For e-commerce businesses there are some additional fees incurred on your sales depending on the different platforms for example, Lazada charges transaction fee, commission fee and shipping fee. These items do not exist in non-ecommerce accounting. We would categorise these under merchant fee.
If your bookkeeper does not have enough knowledge about e-commerce accounting, he may treat the bank transactions in a similar manner as he would for other industries. For instance, if he comes across a payment in the business's bank account from Shopee or Lazada, he would simply jot this down as an "income" on the date of deposit.
However, this would result in inaccuracy in the following:
- Income and other numbers
Some bookkeepers may not realise that the deposit reflected in your bank account is not reflective of your income number. Think of these deposits as "net deposits'' coming from your selling channels, involving other transactions apart from sales. In fact, every "net deposit" reflected in your bank account is likely inclusive of 20 to 30 transactions including sales, returns, chargebacks, sales tax and even shipping paid by your customers.
Instead, the correct way to go about recording this would be to delve into the backend of your sales channels, which provide a thorough breakdown of all your sales and other activities.
Stephanie has received $5,000 in her bank account in the month of January. Instead of recording this number, her skilled bookkeeper dives deeper into the backend of her selling channels to uncover every transaction and found that her total gross sales for the month was $4,284, after deducting merchant fees.
- Timing of transactions
If your bookkeeper records your bank account's "net deposit", this record will miss out on the correct timing of transactions.
Elizabeth sold her PlayStation 5 on 25 January, but Shopee only processed the payment in February. As a result, Elizabeth’s bank account reflects the deposit on 8 February and her bookkeeper records this information accordingly which leads to inaccurate date of sales transactions. Over time, Elizabeth’s business grows but the lack of accurate transaction timing becomes more and more impactful on her sales, expenses and liabilities.
Understanding your inventory and COGs
Running an e-commerce business means your inventory and Cost of Goods Sold (COGS) would be two key numbers you should take note of. COGS will be the acquisition cost of the items that you have sold.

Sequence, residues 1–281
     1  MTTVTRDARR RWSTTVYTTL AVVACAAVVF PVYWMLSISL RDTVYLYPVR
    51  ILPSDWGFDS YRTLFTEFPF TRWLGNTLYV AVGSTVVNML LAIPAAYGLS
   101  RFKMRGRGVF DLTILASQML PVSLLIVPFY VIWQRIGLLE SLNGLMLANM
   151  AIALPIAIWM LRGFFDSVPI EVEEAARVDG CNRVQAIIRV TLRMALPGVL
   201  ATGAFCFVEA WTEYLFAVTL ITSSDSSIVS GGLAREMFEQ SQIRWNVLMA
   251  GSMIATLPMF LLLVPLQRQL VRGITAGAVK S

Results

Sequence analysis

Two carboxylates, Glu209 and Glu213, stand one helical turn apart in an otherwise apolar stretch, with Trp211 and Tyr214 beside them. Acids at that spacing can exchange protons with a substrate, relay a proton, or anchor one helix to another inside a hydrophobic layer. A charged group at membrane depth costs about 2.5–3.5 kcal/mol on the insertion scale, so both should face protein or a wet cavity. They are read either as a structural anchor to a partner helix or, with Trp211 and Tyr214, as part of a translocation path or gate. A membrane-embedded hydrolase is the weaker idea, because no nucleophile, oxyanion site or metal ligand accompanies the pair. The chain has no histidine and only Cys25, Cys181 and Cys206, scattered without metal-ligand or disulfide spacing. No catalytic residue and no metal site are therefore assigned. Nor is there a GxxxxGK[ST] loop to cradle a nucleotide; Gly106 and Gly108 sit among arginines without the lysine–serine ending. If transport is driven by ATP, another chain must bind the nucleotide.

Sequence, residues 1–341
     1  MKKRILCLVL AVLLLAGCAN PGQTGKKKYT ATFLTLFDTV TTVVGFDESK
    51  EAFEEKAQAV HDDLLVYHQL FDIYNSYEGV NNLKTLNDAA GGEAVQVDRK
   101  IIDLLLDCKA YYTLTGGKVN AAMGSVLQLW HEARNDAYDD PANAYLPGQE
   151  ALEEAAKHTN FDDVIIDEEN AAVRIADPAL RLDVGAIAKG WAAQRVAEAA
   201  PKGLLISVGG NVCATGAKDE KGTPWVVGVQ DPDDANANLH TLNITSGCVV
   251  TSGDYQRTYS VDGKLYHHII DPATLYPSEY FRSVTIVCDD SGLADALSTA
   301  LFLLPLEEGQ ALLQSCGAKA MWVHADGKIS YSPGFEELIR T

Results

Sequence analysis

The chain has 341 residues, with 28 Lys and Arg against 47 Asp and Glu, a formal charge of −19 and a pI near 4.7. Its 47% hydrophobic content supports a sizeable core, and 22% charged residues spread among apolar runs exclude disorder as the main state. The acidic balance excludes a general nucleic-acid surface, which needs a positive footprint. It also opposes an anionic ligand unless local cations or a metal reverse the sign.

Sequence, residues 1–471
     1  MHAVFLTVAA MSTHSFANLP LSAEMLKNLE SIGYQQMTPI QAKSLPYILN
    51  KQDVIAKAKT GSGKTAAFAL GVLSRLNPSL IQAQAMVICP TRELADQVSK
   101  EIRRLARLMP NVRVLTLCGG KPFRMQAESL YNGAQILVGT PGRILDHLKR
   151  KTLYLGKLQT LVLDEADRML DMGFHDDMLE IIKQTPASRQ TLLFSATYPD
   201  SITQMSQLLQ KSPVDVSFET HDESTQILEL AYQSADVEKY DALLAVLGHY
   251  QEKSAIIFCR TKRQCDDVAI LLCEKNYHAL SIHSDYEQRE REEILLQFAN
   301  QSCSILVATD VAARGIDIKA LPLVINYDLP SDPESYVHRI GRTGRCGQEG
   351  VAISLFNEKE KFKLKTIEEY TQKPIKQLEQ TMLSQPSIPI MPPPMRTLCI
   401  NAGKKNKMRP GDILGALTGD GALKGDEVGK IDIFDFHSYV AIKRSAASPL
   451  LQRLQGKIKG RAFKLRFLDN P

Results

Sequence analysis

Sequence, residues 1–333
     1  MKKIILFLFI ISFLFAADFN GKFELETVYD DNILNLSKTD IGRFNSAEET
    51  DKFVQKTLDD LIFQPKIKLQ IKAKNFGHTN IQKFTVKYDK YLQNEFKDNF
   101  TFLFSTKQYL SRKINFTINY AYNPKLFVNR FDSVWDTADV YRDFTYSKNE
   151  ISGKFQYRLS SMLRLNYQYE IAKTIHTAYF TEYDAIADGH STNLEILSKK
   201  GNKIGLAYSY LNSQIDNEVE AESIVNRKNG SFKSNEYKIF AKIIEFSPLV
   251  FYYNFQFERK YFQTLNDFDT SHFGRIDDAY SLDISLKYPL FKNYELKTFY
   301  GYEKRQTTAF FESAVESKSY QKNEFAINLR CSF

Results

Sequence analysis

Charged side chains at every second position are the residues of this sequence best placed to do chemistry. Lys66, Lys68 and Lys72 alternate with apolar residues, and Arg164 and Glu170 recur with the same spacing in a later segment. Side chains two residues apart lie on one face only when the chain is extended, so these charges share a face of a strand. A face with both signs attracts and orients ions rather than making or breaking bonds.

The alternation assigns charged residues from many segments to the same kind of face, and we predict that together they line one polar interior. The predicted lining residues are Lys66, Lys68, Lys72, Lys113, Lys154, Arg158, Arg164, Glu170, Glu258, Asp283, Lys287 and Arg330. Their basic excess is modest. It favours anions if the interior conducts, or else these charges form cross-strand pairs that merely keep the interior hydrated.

This area of accounting will require you or your bookkeeper to have an in-depth understanding of how it works, more so than for a typical business. In a nutshell, these are the salient points to focus on:
- Management of inventory and the controls around your most important assets
- Accounting for your business’s flow of inventory
- Calculating advanced COGS number for each product SKU
- Bookkeeping principles for management of inventory and COGS (which many bookkeepers are prone to getting wrong)
- Calculating merchant fees as expenses instead of COGS
Challenges of E-Commerce Accounting
Complex inventory management
As a business owner, it can be challenging for you to determine how much stock is in production, en route to you, in a customer’s shopping cart or awaiting returns. Nonetheless, it is your responsibility to correctly identify your inventory value from the production process to the sale stage. With an increase in transactions, number of SKUs, countries and marketplace, things are bound to get even more confusing.
Sales tax liability can be confusing
Online sales tax rules are complicated and constantly changing, so it would be a safe bet to keep up-to-date with the information on the Inland Revenue Authority of Singapore. When you sell goods via your e-commerce platforms and deliver the goods locally within Singapore, you should standard-rate your supply and charge Goods and Services Tax (GST).
Transaction volume can affect your accounting system
As your business grows, one challenge that you might face would be the volume of transactions that is accompanied by lots of data points. An intelligent way to tackle this would be to batch your transactions on a daily, weekly, bi-weekly or monthly basis. This helps to provide you with the much-needed financial visibility without overwhelming your accounting system.
A Solution to Your Paperwork Headache
Seems overwhelming? If your e-commerce business is your bread and butter, why not consider investing in accounting software sooner rather than later?
With several cloud accounting software options available in the market, keep a lookout for those that consist of both a balance sheet and profit and loss functionality.
Alternatively, save yourself from all that headache and leave it to our e-commerce accounting experts. We show profitability of every line & channel by consolidating numbers for each SKU, product group, and market, and show you where your money comes from. Furthermore, we know how to read documents from any platform including Amazon, Stripe, Lazada and any other statements, automatically convert them into books, and produce reports and tax returns.
We know you can do it all on your own, but do know that you don’t have to!